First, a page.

Of course, traditions change from house to house and from country to country, but one of the beautiful things about aviation is that it opens us up to the rituals of other cultures.
In fact, 16 countries including Ethiopia, Greece and Russia (which go by the Julian calendar) celebrated Christmas only yesterday.
But interesting traditions take place throughout the year. For example, adolescent males of the Satere-Mawe tribe in the Amazon rainforests of Brazil, must put their hands in gloves filled with bullet ants (called that because their sting causes pain equivalent to a bullet) for 11 hours to be considered a man. (But, pah, that’s nothing compared to Christmas with the in-laws, right?)
Aviation has its fair share of rituals too, for example, many pilots and crew have their own superstitions and good luck ceremonies (even I give the fuselage a little pat for luck while boarding the aircraft).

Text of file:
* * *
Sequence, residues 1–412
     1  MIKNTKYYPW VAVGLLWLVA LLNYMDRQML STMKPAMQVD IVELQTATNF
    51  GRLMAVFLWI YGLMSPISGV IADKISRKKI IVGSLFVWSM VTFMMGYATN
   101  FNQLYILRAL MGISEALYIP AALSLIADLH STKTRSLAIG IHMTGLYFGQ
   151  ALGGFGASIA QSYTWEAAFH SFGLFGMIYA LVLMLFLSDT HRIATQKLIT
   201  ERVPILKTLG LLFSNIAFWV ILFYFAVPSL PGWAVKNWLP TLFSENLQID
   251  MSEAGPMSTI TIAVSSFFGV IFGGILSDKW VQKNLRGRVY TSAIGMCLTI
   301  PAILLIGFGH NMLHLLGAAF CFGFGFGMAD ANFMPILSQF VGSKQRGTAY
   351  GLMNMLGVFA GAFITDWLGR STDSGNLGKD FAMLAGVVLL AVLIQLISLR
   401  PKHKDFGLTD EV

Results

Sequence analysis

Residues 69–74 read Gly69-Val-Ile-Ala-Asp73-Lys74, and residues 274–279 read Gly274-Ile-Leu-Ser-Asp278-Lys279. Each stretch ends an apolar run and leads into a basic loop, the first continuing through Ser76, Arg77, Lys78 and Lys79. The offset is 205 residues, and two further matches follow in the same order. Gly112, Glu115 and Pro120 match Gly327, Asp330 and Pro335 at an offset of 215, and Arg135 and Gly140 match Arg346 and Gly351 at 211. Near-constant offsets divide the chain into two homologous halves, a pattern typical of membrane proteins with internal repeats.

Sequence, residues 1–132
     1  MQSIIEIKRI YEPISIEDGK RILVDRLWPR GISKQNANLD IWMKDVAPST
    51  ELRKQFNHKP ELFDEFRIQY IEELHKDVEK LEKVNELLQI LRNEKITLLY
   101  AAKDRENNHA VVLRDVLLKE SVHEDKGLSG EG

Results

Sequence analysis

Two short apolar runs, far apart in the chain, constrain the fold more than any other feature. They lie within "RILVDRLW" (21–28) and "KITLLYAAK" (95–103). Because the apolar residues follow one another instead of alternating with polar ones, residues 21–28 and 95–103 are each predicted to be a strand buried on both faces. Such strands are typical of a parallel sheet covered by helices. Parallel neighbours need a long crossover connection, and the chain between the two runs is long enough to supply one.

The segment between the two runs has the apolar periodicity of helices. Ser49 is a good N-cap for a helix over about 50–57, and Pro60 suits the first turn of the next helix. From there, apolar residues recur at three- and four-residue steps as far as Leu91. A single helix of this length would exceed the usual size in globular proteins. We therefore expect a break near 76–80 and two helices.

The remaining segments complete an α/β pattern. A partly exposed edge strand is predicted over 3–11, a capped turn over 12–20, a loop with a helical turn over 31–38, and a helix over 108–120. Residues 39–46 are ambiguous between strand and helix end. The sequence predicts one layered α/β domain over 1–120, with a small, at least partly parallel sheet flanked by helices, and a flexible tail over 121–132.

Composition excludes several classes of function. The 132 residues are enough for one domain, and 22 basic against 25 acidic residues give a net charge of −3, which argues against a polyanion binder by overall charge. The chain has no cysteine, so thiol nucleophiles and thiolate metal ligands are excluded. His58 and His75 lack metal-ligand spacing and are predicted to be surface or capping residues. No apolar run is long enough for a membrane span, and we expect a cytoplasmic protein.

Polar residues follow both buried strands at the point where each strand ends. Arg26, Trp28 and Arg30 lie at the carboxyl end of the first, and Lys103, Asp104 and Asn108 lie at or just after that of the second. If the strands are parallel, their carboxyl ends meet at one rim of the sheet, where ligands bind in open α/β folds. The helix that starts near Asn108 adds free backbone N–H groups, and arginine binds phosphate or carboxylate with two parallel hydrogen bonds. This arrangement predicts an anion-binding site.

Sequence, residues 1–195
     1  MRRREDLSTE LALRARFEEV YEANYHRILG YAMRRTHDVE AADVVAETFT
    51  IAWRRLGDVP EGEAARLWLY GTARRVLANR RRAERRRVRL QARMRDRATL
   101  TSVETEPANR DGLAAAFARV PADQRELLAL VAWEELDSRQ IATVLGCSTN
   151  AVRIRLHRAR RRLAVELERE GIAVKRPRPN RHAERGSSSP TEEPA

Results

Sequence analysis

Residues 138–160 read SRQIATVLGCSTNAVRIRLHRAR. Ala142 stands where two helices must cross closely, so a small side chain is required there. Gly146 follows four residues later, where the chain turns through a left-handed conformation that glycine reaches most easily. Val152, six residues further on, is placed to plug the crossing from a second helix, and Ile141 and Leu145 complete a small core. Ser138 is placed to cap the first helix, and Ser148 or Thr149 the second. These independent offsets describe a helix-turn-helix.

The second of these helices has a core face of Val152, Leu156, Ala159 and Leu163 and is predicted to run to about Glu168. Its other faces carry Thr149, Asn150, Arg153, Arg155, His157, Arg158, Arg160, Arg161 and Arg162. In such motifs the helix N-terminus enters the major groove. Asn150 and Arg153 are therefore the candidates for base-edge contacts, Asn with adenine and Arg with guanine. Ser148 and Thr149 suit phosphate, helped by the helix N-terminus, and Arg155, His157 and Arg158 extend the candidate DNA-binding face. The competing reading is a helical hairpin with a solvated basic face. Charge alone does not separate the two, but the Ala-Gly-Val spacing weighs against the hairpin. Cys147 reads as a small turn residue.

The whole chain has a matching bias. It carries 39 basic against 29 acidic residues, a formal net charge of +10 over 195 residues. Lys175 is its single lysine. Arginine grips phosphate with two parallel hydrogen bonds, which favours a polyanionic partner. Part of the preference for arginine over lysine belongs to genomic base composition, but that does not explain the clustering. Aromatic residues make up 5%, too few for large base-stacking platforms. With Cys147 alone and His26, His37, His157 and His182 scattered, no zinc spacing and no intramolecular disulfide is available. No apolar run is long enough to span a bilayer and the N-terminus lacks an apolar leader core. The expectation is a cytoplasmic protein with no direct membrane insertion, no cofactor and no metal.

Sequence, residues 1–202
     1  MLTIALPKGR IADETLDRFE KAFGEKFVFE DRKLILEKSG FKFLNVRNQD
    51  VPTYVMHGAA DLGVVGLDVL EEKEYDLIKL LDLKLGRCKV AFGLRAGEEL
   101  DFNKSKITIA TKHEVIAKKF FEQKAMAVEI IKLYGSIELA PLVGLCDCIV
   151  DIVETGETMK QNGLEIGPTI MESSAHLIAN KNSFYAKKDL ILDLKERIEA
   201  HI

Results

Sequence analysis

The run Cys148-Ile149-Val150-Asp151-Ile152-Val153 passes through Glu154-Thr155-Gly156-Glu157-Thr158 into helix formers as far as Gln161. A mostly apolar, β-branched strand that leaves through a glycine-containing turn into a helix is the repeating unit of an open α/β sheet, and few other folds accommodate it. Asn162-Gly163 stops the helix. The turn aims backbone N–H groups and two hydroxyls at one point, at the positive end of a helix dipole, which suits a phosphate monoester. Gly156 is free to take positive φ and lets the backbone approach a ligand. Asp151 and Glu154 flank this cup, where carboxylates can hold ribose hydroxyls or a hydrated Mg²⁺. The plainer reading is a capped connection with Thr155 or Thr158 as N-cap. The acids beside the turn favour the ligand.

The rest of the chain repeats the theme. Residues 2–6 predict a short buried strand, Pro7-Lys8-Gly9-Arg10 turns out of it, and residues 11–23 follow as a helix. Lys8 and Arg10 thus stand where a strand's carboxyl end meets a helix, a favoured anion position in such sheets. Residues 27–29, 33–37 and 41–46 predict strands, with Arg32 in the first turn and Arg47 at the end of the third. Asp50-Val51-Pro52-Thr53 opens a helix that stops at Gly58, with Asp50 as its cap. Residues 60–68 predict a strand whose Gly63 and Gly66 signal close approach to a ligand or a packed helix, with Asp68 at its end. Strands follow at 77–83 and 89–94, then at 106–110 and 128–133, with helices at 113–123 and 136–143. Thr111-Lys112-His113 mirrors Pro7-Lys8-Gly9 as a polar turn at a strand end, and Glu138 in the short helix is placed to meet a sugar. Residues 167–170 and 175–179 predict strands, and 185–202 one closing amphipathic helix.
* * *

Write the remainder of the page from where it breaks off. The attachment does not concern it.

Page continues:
According to the BBC, back in 2007, Nepal’s state run airline, Nepal Airlines, confirmed that it had sacrificed two goats to the Hindu god of the sky, Akash Bhairab, in a bid to overcome electrical faults with its 757-200.
Interestingly, it seemed to have done the trick because the aircraft then completed a safe flight to Hong Kong (although I’m sure they didn’t just rely on goats to fix that problem).
I’ve also heard tales of a mechanic who was allegedly fired for sacrificing a camel on the tarmac of Istanbul airport (a Turkish tradition to thank god for fulfilling your wishes) when he finally got a troublesome aircraft off his hands.
So don’t feel bad if your family always keep the decorations up longer, or you joined a gym this month like every other person in the Western world, it seems we all have our traditional quirks.
Do you have any aviation related rituals? Why not share them with MRO Network’s LinkedIn Group.